Understand where climate change may increase the cost and complexity of approvals
Climate change impacts have for many years been accepted as a relevant consideration in the assessment of planning and environmental applications in Australia. Until recently, the focus of consent authorities has been primarily on the direct greenhouse gas (GHG) emissions of a project from owned and controlled sources (scope 1 emissions), with varying levels of scrutiny given to scope 2 emissions (emissions from purchased energy).
However, there is a growing trend for consent authorities to also require an assessment of scope 3 GHG emissions, being all indirect emissions of a company that occur in the company's value chain, such as emissions generated by the burning of Australian coal overseas. Consent authorities are also increasingly requiring proponents to demonstrate that measures have been taken to reduce, mitigate or even offset these emissions.
The Queensland courts have consistently held that scope 3 emissions are not a relevant consideration when assessing applications for environmental authorities for new mines, although scope 3 emissions have been considered relevant when determining whether the public right and interest will be prejudiced in the grant of a mining lease.
In contrast, a landmark decision of the NSW Land and Environment Court in February 2019 in relation to the proposed Rocky Hill coal mine held that a consent authority must consider scope 3 emissions, and cited climate change impacts as one of many reasons for refusing consent for the mine. The judge also noted the proponent's failure to commit to taking any specific actions to mitigate and offset the climate change impacts of the development.
Subsequent decisions of the NSW Independent Planning Commission (IPC) in the coal mining context have placed significant weight on scope 3 GHG emissions. The IPC has also set an almost impossibly high evidentiary burden for relying on the 'market substitution' and 'carbon leakage' principles, which have long been accepted by the Queensland courts (ie that coal that would have been produced by a proposed mine in Australia will be 'replaced' by a new mine in another country, with a net result that the same amount of coal is burned but the economic benefits transfer from Australia to the other country).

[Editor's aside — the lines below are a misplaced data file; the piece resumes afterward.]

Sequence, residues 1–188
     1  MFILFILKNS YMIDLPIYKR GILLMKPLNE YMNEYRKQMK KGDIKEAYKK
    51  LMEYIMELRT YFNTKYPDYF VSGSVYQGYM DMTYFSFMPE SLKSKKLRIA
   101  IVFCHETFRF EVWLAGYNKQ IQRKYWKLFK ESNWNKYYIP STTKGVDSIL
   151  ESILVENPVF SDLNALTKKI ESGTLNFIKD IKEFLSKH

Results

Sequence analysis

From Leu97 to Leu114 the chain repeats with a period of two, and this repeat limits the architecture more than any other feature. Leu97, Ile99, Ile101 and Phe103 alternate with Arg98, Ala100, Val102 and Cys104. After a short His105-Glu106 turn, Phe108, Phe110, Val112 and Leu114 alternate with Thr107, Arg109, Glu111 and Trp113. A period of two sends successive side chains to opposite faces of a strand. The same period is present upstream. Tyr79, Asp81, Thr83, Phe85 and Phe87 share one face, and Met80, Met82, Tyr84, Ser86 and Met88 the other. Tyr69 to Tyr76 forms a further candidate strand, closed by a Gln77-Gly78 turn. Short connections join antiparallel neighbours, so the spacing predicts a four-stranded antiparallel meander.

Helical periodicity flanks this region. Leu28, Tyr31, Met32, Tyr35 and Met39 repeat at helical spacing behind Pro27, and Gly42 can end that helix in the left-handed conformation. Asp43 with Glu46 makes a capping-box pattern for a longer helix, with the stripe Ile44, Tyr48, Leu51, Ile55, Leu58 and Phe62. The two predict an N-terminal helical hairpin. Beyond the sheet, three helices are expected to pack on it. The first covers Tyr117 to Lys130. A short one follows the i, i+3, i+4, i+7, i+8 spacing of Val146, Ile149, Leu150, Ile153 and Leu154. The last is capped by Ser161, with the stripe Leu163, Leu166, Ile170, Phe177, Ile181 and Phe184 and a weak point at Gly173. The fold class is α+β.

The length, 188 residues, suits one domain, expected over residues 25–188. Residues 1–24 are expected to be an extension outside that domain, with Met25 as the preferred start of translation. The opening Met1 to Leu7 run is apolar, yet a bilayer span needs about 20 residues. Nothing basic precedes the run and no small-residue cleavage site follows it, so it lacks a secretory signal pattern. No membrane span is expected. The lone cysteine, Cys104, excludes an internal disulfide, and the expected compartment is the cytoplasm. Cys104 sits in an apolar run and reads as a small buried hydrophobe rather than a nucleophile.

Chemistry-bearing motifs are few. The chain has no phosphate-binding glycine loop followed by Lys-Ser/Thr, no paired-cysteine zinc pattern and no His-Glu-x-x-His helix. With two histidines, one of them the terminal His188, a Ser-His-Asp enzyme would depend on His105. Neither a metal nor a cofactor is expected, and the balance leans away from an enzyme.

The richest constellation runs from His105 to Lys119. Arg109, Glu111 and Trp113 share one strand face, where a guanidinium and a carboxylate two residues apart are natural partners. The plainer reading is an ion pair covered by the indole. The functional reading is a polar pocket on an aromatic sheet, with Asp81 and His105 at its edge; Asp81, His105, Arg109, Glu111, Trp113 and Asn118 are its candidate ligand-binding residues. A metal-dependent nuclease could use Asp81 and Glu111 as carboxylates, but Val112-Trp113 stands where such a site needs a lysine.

A recent Western Australian Government policy requires proponents of major projects to develop a GHG Management Plan to demonstrate how the project will address its scope 1 emissions in the context of the State's aspiration of net zero emissions by 2050. The Western Australian Environmental Protection Authority has also released a GHG Guideline, pursuant to which it may request credible estimates of scope 1, 2 and 3 emissions over the life of a proposed development.
Environmental groups are increasingly pursuing novel avenues to challenge coal mining and other emissions intensive projects on the basis of climate change. In May 2020, a group of young activists commenced proceedings in Queensland seeking to prevent a new coal mine in the Galilee Basin on the basis that the project will violate their human rights. This is the first time in Australia that a mine has been challenged on human rights grounds, although similar actions have previously been brought overseas.
The Federal Department of Agriculture, Water and the Environment has recently provided guidance on when GHG emissions, including scope 3 emissions, will be relevant to an assessment under the Environment Protection and Biodiversity Conservation Act 1999 (Cth) (EPBC Act).
The Department has indicated that it may request information in relation to GHG emissions (scope 1, 2 or 3) where those emissions may have a direct or indirect impact on a protected matter under the EPBC Act, but that this will be determined on a ‘case by case basis’ depending on the specific circumstances of the proposed action, including its context, scale, magnitude and nature. The Department stated that there is not a trigger point in terms of the scale of the emissions and that the relevant legislative test under the EPBC Act is whether an impact is significant.